Wednesday, February 11, 2015

Comfort Objects - Toddlers and Security Blankets

Do you remember Linus from the famous Peanuts cartoon by Charles Shultz (the cartoon that introduced us to Snoopy)?  Linus was the kid always dragging around his security blanket and sucking his thumb to soothe himself to the constant disapproval of his older sister and grandmother.

It turns out that about 60% of toddlers use comfort or security objects, so the use of a comfort object is very common and normal.  In fact, many experts believe that a comfort object is a great asset for children and parents. Attachment to a comfort object or “lovie”, usually beginning around 8-12 months, represents a big leap in intellectual and emotional development for a child - they are learning to understand symbols and to "invent" something of their own – the comfort object becomes a symbol of love and comfort that is tangible.  Children who have learned to use comfort objects can find comfort anywhere and can take control of their own comfort. 

Most children choose an item with silky and nubby textures to provide sensory satisfaction.  Toddlers enjoy the tactile stimulation of a soft, fuzzy, or nubby items like stuffed animals, blankets, while many other toddlers enjoy silky textures.  Whatever the choice, it is not uncommon for toddlers to give their comfort objects names and talk to them, carry them around everywhere - much like a true friend. It can help them work through problems or challenges in their everyday life and self-soothe during a situation that they feel is stressful. And as any parent with a child attached to a comfort object will understand, when that object is lost, put in the wash, or left behind, it's like losing one's true friend and many times, it cannot be replaced.

Both of my boys used comfort objects to soothe themselves, in addition to thumb-sucking.  My oldest son liked to hold onto the corner of his terry cloth bib while sucking his thumb.  My youngest son developed a temporary attachment to a particular green stuffed animal, and I promptly ran out and bought extras just to have on hand.  However the stuffed animal phase didn't last long and he eventually settled on a security blanket after encouragement from me (easier to wash!).  In my business, I hear from many parents with children that are attached to security blankets, stuffed animals or even toddler pillows - they carry them everywhere they go. I've also heard stories about special comfort objects getting damaged, lost, or just plain worn out. Sometimes I can help parents replace with the same or similar fabrics.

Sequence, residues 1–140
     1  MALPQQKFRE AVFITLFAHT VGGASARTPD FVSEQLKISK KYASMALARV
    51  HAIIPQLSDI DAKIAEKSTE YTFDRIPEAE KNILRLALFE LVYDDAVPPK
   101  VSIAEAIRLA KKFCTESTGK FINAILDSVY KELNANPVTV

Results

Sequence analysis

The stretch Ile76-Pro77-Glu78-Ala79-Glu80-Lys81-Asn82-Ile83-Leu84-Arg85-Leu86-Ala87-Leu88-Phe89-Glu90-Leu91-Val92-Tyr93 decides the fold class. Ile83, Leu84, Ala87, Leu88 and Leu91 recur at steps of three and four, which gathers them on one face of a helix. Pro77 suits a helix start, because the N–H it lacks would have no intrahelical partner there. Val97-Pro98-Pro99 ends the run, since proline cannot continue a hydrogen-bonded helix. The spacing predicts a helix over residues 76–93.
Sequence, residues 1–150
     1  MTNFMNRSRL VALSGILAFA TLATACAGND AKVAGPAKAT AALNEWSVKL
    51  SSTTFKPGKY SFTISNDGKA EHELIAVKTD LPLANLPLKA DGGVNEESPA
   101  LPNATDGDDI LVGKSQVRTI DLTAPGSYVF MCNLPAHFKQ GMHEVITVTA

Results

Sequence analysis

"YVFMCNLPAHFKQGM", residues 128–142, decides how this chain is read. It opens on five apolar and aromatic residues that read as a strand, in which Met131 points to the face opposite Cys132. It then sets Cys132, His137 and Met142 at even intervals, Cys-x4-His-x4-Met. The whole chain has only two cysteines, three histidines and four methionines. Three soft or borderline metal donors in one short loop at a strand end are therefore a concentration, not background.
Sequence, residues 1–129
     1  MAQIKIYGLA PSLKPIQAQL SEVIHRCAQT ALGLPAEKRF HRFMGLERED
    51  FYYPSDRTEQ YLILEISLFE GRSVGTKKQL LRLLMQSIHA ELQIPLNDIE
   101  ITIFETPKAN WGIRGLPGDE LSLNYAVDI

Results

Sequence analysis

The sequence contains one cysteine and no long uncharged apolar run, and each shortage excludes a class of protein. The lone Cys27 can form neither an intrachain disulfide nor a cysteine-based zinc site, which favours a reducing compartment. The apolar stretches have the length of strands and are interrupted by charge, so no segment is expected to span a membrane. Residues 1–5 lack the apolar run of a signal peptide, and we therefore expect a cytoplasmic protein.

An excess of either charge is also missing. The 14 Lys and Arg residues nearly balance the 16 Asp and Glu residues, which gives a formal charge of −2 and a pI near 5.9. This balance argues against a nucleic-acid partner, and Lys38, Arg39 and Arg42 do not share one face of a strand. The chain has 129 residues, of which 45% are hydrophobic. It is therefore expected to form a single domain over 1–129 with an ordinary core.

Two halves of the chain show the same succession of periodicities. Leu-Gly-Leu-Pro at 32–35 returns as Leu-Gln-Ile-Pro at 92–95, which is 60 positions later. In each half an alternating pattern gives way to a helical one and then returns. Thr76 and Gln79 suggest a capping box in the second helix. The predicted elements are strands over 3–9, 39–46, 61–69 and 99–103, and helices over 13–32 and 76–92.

However, once toddlers are growing up into preschoolers and school aged children, the question becomes what level of attachment is appropriate and how do you handle it? With my older son, my pediatrician and dentist agreed that the terry cloth bib was a trigger for thumb-sucking, and as my son approached age 4-5, we should start weaning him from the security object.  My son and I created a special box and decorated it as a place for the comfort object to “live” in his closet – he could visit if he really needed to but only for short periods.  After a few days it was pretty much “out of sight, out of mind”.  However if the comfort object is not a trigger for a behavior that you are trying to stop such as thumb sucking or pacifier use, rest assured that as your child matures, he/she will develop other ways to self-soothe and deal with stress.  As a parent, you can help teach your growing child alternate techniques for soothing such as listening to music, deep breathing, or exercise.  Also, as children approach school age, most will start to feel the social pressures from their peer group to change these attachments to comfort objects and will adapt to what is “socially acceptable” for their age group.  So don’t stress about attachments to comfort objects – these attachments are normal and helpful in many situations.

I hear from many longtime customers with children who have grown up with BobbleRoos products as comfort objects – from our toddler pillows to our baby or toddler blankets. Many of these kids continue to use our products as they get older - a toddler pillow can easily become a travel pillow, a baby blanket can be turned into a pillowcase, etc.  You can also turn fragments of blankets into pieces for a rag quilt or other keepsake.  Did you have a comfort object as a child?  What about your children today – do they use comfort objects, and if so, is it a blessing or a curse?  Please leave any comments with stories and/or tips for other parents, as well as creative ideas for re purposing comfort objects. Head on over to our Facebook page and leave comments there as well to win a $25 BobbleRoos Gift Certificate!
personalized satin security blanket
Personalized BobbleRoos Security Blanket "Bips"

satin security blanket
Personalized BobbleRoos Security Blanket "Bips"